I did attend my 30th a few years ago, it was surreal in a strange way.  Ended up partying with some cool people I never knew in high school.

      •  Bingo. My parents are deceased, and all my (4+ / 0-)

        friends left Clovis long ago, so I don't have a reason to return (not that I particularly want to). I always tell people Clovis is a nice place to be from. That said, I did have a semi-idyllic childhood, but then I grew up in the 50's when life almost anywhere in the States was better than now in many ways.

        Whose bread I eat, his song I sing.

        by Hanging Up My Tusks on Fri Aug 10, 2012 at 08:50:01 AM PDT

        [ Parent ]

        •  60's here (0+ / 0-)

          we had SO much fun with the horny toads and the snakes and playing outside...  and then later with sex and drugs and rock and roll, heh.  Great place to be from. But sometimes my heart just clenches in love with the sky and the light and the luminous beauty of the Llano Estacado...  we were lucky to experience that!

          Have you read Empire of the Summer Moon by S.C. Gwynne?  best description of this last-to-be-explored wilderness in the lower 48.  

           My best memories of Clovis are from Running Water Draw once when there was actually RUNNING WATER!!! and Sarah and I stripped down to our undies and rode frisbees down the little stream!  And a night out partying on some alley when we turned around and the full moon was just clearing the horizon,   and we were so stoned and so blessed by la luna that we were just speechless with wonderment.  

          Just goes to show that wonderment can happen anywhere.  

          •  Ultima came to stay with us the summer I was (0+ / 0-)

            almost seven.

            When she came the beauty of the llano unfolded before my  eyes, and the gurgling waters of the river sang to the hum of the turning earth.  The magical time of childhood stood still, and the pulse of the living earth pressed its mystery into my living blood.  She took my hand, and the silent, magic powers she possessed made beauty from the raw, sun-baked llano, the green river valley, and the blue bowl which was the white sun's home.  My bare feet felt the throbbing earth and my body trembled with excitement.  Time stood still, and it shared with me all that had been, and all that was to come....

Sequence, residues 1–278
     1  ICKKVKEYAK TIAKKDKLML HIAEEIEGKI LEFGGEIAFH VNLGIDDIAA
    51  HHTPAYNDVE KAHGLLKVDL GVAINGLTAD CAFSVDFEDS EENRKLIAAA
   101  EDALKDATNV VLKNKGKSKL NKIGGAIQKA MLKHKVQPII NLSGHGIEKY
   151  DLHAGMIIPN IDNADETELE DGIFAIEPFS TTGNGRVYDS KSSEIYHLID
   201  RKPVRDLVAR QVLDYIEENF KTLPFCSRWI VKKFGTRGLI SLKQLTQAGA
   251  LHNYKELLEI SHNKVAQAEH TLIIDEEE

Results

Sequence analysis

the beginning of Bless Me, Ultima,  by Rudolfo Anaya.
  •  Love the "anthropology" (9+ / 0-)

    approach!  I got the hell out of my small PA town upon graduation in 1986 and resolved to stay away until our 25th reunion.  It seemed like a good amount of time to get a true idea of how everyone turned out.  It also gave me a few years to replace my former geeky awkwardness with confidence and style!

    Last fall I made good on that resolution and drove up to PA.  Walking into a ballroom full of people I hadn't seen in 25 years took a LOT of deep breathing exercises.  I did it anyway.

    The next thing I knew, I was sharing a table with four stunning women who looked exactly like my long-lost childhood chums, only grown up.  (We'd gone to grade school together as well & met when we were all 6.)

    We all kept sneaking looks at each other and cracking up because it was so crazy.  Yes, there was wine involved.  A photo later turned up on FB of me wearing multiple leis and dancing with a Catholic priest in full attire (my old band buddy.)

    Aside of that, I was surprised over and over by the folks who grew up to be nothing like they were in high school.  A couple of really fun guys are now local GOP reps.  The salutatorian developed Born On 3rd Base, Thinks Hit Triple Syndrome after inheriting the family business.  She's Rmoney in REAL "mom jeans."

    The other fascinating thing is how many of us women went into two fields: teaching and health care.  We have several K-12 teachers, a principal, a college dean and a guidance counselor.  Also a bunch of nurses, a dentist, pharmacist, rad tech, and nursing home administrator.  

    Have fun!  It's just one night, and if nothing else it will be interesting :D

     I can think of no more stirring symbol of man's humanity to man than a fire engine.     -- Kurt Vonnegut

    by SteelerGrrl on Thu Aug 09, 2012 at 03:54:08 PM PDT

  •  went to my 10th in 1994 and learned 2 things: (3+ / 0-)
    Recommended by:
    shesaid, varro, raincrow

    1. Most had grown up into normal human beings
    2. I really had nothing in common with them as most had stayed put

    well, 3 things:

    3.  Kansas City MO, is beyond boring, and I will never return for any reason except for maybe lunch at Stroud's

    "Hey Joe Walsh, when did you stop deadbeating your wife?"

    by wretchedhive on Thu Aug 09, 2012 at 05:00:40 PM PDT

    •  thanks for the insight... (0+ / 0-)